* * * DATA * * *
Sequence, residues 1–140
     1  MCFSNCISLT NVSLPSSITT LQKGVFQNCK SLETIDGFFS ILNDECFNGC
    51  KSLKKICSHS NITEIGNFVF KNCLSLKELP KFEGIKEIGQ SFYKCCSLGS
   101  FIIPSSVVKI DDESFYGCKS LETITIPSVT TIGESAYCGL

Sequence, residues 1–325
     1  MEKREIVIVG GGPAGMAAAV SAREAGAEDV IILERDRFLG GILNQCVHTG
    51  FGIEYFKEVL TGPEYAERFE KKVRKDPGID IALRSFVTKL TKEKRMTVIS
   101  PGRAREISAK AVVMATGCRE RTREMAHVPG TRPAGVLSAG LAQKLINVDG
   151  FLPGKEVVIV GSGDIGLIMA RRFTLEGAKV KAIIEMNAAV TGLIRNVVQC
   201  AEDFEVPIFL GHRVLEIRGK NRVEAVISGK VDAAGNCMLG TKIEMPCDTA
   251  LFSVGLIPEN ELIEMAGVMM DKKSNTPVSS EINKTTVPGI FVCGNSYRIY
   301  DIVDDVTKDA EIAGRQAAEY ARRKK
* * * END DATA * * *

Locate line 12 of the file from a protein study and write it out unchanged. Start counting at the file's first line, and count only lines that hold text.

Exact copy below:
   301  DIVDDVTKDA EIAGRQAAEY ARRKK